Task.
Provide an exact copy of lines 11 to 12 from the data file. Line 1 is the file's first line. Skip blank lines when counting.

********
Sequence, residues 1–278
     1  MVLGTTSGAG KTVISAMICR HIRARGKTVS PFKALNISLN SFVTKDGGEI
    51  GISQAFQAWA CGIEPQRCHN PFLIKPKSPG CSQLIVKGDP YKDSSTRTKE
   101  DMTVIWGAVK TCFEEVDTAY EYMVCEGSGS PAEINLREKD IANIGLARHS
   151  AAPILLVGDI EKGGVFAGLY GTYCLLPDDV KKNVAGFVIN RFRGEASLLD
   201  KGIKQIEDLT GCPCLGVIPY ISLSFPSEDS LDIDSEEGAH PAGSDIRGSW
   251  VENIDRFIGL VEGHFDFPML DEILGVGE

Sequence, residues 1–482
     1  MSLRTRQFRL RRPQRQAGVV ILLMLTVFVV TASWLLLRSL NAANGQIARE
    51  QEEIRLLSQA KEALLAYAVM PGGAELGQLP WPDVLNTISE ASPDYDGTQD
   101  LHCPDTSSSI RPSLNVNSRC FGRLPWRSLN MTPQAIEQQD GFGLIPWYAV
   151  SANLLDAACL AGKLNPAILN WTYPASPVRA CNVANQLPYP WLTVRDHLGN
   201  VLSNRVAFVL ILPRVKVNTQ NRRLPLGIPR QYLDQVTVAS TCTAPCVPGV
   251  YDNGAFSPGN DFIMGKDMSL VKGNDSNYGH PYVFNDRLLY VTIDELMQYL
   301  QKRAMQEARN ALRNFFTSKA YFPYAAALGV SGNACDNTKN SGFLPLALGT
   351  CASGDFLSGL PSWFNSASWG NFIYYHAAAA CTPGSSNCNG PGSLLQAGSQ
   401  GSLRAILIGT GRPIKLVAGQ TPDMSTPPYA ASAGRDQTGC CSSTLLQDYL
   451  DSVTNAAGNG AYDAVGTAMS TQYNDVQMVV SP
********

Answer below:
   101  LHCPDTSSSI RPSLNVNSRC FGRLPWRSLN MTPQAIEQQD GFGLIPWYAV
   151  SANLLDAACL AGKLNPAILN WTYPASPVRA CNVANQLPYP WLTVRDHLGN